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Why do we need national guidelines on food for children at nursery?

Because professionals working in nurseries, in children’s centres and as childminders had been asking for them for many years. The best way to help children grow up with a healthy diet is to start early, so what they eat in childcare is crucial. By following our national guidelines, anyone feeding under-fives can be sure they’re giving children a great start with food, and parents know what to look for.

Who are the national voluntary food and drink guidelines for?

Anyone feeding children between the ages of one and five. That means children’s centres, registered childminders and nannies, private, voluntary and independent nurseries, local authority maintained nursery schools, nursery classes within primary schools, pre-schools and sessional care like playgroups. We also encourage anyone organising activities for little ones of this age to use the guidelines if they’re providing food, and they’re a great way to help parents know what to expect from food in childcare.<

Are there guidelines on food in childcare for children under the age of one?

Great sources of information are:

Birth to five:

Are the national guidelines compulsory?

No – but they were commissioned by the Department for Education and represent national best practice. They were developed with national professional organisations like PACEY and the National Day Nurseries Association, and are an easy way to show how you meet the Early Years Foundation Stage welfare requirement on providing ‘healthy, balanced and nutritious’ food and drink. Using the guidelines is also a way to show parents your commitment to helping children eat well.

By law, maintained nursery schools and nursery classes within maintained primary schools need to meet Schedule 5 of the national school food standards. By using the national guidelines on food in childcare, you’ll hit the mark.

Do early years settings have to follow our menus and recipes?

No – but these offer great ideas on how to use the guidelines, and how to use seasonal ingredients in your menu.

How were the guidelines tested?

18 different nurseries, children’s centres, pre-schools and childminders tried out the guidelines to make sure they were clear and easy to understand and use.

The guidelines were also reviewed and are supported by the Department for Education, Department of Health, national early years organisations and nutritionists.

How do the guidelines differ from the national standards for school food?

The guidelines are voluntary, while the national school food standards are a legal requirement for most schools. But there are similarities: both the guidelines for food in childcare and school food standards set out what types of foods and drink should be on offer; how often they should be offered and in what quantities. If nurseries and schools follow the relevant guidance for the children they cater for, they’ll meet children’s nutritional needs.

We only provide snacks/drinks – can we still use the guidelines?

Yes – there are great ideas for snacks and drinks in the practical guide.

We don’t have the facilities to prepare hot food. Can we still follow the guidelines?

Yes – the guidelines work with any sorts of meals, snacks or drinks – including cold meals and packed lunches. There are lots of ideas for cold meals in the guide.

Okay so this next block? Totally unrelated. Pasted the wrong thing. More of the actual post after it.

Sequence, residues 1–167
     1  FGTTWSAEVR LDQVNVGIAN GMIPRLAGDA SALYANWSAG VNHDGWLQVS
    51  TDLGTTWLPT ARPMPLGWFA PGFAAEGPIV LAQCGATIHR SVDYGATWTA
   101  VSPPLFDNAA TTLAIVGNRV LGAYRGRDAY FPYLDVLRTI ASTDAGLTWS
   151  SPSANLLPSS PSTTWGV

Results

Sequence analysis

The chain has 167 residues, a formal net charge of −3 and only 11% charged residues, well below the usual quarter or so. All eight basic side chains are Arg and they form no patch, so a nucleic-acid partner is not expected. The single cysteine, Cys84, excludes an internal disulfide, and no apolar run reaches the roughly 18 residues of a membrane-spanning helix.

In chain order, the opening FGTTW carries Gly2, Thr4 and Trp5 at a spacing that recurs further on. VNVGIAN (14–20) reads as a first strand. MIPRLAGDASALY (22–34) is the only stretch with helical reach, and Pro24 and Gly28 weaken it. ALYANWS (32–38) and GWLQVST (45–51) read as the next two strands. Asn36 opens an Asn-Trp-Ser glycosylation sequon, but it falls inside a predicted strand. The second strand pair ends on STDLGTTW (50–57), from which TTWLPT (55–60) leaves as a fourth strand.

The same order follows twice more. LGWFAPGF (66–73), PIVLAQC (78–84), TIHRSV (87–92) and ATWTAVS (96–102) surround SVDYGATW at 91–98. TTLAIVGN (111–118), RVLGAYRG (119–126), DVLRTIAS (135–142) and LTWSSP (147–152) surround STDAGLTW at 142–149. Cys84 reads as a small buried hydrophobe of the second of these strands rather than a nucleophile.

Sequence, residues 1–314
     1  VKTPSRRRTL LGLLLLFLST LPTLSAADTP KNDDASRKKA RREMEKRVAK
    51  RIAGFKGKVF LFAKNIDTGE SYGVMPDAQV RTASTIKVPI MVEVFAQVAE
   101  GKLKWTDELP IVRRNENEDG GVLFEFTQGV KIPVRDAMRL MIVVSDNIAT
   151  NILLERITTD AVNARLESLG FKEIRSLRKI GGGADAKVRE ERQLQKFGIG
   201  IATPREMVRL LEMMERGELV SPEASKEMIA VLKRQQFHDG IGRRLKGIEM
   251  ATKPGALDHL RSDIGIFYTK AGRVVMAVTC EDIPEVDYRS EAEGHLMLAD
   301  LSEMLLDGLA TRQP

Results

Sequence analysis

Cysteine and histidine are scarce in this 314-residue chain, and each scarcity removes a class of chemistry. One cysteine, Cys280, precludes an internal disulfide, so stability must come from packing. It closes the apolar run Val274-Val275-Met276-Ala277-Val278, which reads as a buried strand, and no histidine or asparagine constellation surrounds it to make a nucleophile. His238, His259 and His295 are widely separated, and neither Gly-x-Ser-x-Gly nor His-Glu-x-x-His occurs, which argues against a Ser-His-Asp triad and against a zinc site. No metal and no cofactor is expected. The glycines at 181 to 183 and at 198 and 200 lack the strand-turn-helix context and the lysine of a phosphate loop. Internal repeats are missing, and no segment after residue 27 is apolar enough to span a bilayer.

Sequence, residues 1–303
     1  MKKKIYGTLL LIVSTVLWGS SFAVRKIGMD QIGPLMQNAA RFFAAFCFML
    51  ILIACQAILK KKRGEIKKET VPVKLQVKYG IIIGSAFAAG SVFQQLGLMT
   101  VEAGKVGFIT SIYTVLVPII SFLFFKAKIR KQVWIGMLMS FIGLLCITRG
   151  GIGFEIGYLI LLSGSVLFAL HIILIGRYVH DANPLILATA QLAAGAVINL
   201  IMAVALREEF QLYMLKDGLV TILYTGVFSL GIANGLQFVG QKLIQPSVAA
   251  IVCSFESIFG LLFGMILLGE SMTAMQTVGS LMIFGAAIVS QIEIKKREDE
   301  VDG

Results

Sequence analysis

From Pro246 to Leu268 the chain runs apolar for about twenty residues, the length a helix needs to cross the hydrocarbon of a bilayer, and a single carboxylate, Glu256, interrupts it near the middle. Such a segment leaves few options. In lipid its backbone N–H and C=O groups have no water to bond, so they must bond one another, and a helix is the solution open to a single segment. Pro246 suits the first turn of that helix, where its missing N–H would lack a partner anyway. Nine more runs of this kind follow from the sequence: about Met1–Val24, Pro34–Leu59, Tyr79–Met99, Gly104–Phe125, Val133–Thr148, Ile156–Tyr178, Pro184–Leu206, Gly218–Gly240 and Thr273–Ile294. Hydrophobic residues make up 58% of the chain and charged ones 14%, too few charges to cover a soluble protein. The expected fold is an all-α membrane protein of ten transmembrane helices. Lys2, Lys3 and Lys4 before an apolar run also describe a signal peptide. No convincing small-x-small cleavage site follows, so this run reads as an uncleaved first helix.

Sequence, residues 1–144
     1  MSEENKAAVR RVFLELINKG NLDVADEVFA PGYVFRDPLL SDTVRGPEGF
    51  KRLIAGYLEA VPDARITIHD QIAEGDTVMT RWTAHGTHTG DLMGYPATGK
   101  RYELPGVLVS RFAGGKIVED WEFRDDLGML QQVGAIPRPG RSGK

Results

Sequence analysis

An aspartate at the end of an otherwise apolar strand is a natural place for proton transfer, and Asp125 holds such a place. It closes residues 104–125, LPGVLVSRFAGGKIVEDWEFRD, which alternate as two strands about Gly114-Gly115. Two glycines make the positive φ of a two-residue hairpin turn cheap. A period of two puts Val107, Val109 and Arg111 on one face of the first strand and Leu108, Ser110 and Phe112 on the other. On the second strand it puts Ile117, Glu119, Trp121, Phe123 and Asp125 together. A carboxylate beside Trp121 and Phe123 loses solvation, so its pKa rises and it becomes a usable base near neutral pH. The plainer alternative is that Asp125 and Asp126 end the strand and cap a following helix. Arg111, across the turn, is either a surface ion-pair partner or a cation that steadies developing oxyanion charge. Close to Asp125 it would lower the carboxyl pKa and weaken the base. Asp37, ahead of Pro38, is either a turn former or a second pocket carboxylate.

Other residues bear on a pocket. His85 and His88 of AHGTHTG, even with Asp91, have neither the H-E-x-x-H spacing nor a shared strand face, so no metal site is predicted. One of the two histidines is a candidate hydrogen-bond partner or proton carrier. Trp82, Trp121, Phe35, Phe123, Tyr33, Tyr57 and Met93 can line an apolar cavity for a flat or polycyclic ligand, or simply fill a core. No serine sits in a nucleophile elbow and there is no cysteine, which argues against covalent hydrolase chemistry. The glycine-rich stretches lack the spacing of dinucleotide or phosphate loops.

Should the guidelines apply to packed lunches sent in by parents?

One way to use the guidelines is to share ideas on what makes a good packed lunch with parents. That way, you can help parents make sure the food they send into childcare is as healthy as the food you provide..

We provide a snack tea, rather than a light meal as included in the example menus. Should we be providing a light meal for children before they go home instead?

Our example menus are planned to provide 30% of children’s average daily energy requirements at lunchtime and 20% at teatime. However, we know some of you provide a main meal for tea, while others offer a light meal and others only a snack, so children can eat with their families when they get home. The key thing is to follow the most appropriate guidelines for the meal or snack and make sure families know how you organise your meals – so that they can give their child a meal or snack as appropriate when they get home.

Why does the practical guide state that food provided in early years settings can provide 125% of the recommended maximum salt intake for young children?

Current salt targets can be tough to meet for young children when you’re trying to include foods which are good sources of nutrients like iron and calcium, and when you’re trying to meet other targets for a balanced diet. So the advisors working on our guidelines agreed the target could be higher. However, it’s really important that children don’t have too much salt in their diet. Cooking from scratch, checking product labels to choose lower-salt options and using the guidelines to plan meals all helps.

The food and drink guidelines state that starchy foods which have been fried should not be provided more than once a week at lunch or tea – which foods do these include?

This group includes starchy foods which have been cooked in oil in the kitchen (like roast potatoes, potato wedges, chips and fried rice) and also bought potato products which have been fried during manufacture (like potato waffles, smiley faces and other processed potato shapes). These foods can be high in fat and saturated fat. Limiting them is also a way to get children trying different sorts of starchy foods instead. When you are serving fried starchy foods, it’s also much healthier to make them from scratch rather than using processed versions (e.g. make your own roast potatoes rather than heating up ready-made frozen ones).